When Federal Reserve members talk, investors listen. Some Fed members understandably tend to move the stock market more than others.
Federal Reserve Structure
The Federal Reserve consists of the Board of Governors, the Federal Reserve Banks, and the Federal Open Market Committee, or FOMC. The Board of Governors is the governing body of the Federal Reserve and it is run by seven “governors” who are nominated by the U.S. president and confirmed by the Senate.
The board oversees the 12 U.S. Reserve Banks, each of which has its own bank president. The FOMC is the body of the Federal Reserve that sets monetary policy, including Fed funds, target interest rates, and quantitative easing or tightening policies. The FOMC consists of 12 voting members: all seven members of the Board of Governors, the president of the Federal Reserve Bank of New York, and four of the remaining 11 Reserve Bank presidents, who serve one-year terms on the FOMC on a rotating basis.
The 2022 FOMC consists of the following voting members:
Board of Governors:
Jerome H. Powell, FOMC Chairman
Michelle W. Bowman
Christopher J. Waller
There are currently three vacant Board of Governor positions.
Voting Reserve Bank presidents:
John C. Williams, New York, FOMC Vice Chair
James Bullard, St. Louis
Esther L. George, Kansas City
Loretta J. Mester, Cleveland
Susan M. Collins, Boston (takes office on July 1)
Doves Versus Hawks
The FOMC must regularly come to a consensus on monetary policy, but that doesn’t mean all votes are unanimous and all Fed members have the same take on the economy. In addition, all the members of the Federal Reserve give speeches, make appearances, grant interviews, and appear on panels and at events on a regular basis.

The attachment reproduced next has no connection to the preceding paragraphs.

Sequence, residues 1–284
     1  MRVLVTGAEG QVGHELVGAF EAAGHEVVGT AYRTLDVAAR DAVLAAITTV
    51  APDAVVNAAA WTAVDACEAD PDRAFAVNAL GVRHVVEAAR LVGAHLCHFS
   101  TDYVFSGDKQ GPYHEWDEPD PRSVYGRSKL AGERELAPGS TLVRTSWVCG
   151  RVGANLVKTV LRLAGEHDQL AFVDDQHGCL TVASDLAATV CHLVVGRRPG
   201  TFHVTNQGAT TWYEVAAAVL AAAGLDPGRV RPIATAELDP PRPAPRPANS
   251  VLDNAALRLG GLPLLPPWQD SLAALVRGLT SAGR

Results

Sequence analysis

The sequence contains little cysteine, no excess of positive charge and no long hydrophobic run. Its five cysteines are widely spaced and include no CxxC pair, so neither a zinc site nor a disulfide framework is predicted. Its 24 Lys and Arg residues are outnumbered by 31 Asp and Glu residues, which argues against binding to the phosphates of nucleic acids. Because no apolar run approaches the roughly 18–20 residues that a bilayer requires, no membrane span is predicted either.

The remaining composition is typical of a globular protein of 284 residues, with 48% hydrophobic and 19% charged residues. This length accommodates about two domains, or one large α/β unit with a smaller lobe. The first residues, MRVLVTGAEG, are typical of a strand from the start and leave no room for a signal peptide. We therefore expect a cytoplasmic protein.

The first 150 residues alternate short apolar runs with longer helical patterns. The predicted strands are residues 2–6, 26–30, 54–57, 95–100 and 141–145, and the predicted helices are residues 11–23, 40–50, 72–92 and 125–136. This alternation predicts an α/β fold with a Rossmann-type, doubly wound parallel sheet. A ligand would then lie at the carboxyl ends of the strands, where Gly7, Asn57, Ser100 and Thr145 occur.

There’s certainly a pecking order when it comes to which Fed members’ comments are most likely to move the market.
At the top of the list, investors should monitor Fed Chair Jerome Powell and Vice Chair Lael Brainard. Powell and Brainard both have a reputation for being overly dovish, which is generally good for investors. When these typically dovish Fed members make hawkish comments, investors know the Fed is likely getting serious about tightening.
On the other end of the spectrum, FOMC members James Bullard and Christopher Waller have a reputation for being particularly hawkish. For example, Bullard has publicly been calling for at least one 0.5 percent interest rate hike since February.
The Bottom Line
Comments from the Fed Chair or Vice Chair will likely always hold the most weight for investors when it comes to their potential to generate big moves in the S&P 500 ETF Trust. Outside of those top two positions, comments from voting members of the FOMC are most relevant to monetary policy, followed by commentary from non-voting Reserve Bank presidents.
By Wayne Duggan
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